Millie Brown's Chicago Takeover will come to an end on Sunday, September 25th with a "Glowing" brunch which is also graciously hosted by Millie and Virgin Hotels Chicago. If you are a true artist, a pure creator or just a human who enjoys weird & whacky wildness, you will not want to miss out on this experience! For more information go to in order to learn more about this special Chi-town experience.

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Gun Rights Advocates Go Silent When Trump Wants To Frisk Black People

Thu, 2016-09-22 16:10

WASHINGTON ― The nation’s top gun rights advocates were notably quiet this week after Donald Trump proposed more aggressive stop-and-frisk policing with a focus on taking away people’s guns.

“If they see a person possibly with a gun or they think may have a gun, they will see the person and they’ll look and they’ll take the gun away,” Trump said Thursday on Fox News, laying out his vision of how the practice works. “They’ll stop, they’ll frisk, and they’ll take the gun away and they won’t have anything to shoot with.”

“I mean, how it’s not being used in Chicago is ― to be honest with you, it’s quite unbelievable, and you know the police, the local police, they know who has a gun who shouldn’t be having the gun. They understand that,” Trump added.

The Republican presidential nominee was following up on comments he’d made the previous day at a Fox News town hall event on “African American concerns,” when he said he “would do stop and frisk” to address violence in black communities. (After Wednesday’s interview, Trump’s campaign suggested he was only calling for more stop-and-frisk policing in Chicago.)

All that sounds like the kind of initiative that should disturb gun rights advocates.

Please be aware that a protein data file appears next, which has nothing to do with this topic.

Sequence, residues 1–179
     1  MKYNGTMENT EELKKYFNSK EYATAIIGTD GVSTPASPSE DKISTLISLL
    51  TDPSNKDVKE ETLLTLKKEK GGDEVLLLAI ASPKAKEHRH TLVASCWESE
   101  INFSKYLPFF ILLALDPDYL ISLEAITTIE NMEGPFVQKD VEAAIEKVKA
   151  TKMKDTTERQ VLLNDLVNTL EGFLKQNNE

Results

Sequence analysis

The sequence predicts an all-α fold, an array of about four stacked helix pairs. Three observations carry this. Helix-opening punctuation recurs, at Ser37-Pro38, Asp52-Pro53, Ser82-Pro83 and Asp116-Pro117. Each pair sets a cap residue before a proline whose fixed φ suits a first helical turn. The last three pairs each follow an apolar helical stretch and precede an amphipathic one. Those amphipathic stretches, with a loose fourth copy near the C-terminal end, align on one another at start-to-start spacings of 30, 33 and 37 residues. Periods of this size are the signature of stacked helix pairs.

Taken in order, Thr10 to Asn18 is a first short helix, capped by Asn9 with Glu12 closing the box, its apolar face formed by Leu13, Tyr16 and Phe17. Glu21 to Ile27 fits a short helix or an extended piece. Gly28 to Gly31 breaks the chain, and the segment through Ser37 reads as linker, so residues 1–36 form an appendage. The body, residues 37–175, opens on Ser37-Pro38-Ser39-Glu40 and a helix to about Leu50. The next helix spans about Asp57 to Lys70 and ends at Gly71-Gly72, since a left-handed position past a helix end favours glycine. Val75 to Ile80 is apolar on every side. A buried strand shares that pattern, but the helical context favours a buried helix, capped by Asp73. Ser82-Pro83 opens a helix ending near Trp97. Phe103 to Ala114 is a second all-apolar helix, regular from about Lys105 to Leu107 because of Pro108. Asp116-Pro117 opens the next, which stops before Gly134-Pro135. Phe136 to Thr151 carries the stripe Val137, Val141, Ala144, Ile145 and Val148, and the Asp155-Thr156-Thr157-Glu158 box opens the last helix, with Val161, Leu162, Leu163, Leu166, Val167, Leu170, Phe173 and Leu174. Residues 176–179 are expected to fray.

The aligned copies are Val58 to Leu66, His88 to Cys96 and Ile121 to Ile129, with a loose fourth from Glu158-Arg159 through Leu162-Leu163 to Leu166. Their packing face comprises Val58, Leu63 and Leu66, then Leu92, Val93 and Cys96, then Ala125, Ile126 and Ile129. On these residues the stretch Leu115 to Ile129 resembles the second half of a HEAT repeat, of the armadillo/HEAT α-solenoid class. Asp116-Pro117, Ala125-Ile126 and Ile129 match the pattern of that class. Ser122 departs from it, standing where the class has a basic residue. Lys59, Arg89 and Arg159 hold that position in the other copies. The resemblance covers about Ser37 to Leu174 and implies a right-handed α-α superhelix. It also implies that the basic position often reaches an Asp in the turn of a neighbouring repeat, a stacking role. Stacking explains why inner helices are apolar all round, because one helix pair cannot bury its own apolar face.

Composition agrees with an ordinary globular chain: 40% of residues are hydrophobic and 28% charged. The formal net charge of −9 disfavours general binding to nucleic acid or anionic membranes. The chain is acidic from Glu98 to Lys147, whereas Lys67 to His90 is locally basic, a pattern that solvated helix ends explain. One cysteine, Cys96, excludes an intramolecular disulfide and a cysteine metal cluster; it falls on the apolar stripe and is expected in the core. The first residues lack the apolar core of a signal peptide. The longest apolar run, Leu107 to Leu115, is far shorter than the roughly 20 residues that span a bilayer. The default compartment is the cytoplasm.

As Leon H. Wolf, a writer for the conservative website, put it on Thursday, “Seems like the sort of thing an organization committed to the preservation of the Second Amendment rights of all citizens should be vigilant against and using its considerable political power to oppose, right?”

But spokespersons for the National Rifle Association, (which has endorsed Trump for president), the National Association for Gun Rights and the Second Amendment Foundation did not answer multiple requests for comment in response to Trump’s remarks.

Their silence was not new: Many of the same people arguing for more access to firearms don’t stand by that support when it comes to fellow citizens of color. 

The NRA was criticized earlier this year for taking two days to comment on the death of Philando Castile, a black man who was shot multiple times by a police officer during a traffic stop in Minnesota. Castile had just informed the officer that he had a gun in the car and a permit to carry it. 

Stop-and-frisk tactics have been broadly condemned for disproportionately targeting minorities while only incrementally reducing crime. Such efforts were even found unconstitutional in New York because they amounted to racial profiling. But a vigorous stop-and-frisk policy was championed by then-New York City Mayor Rudy Giuliani, who has endorsed Trump.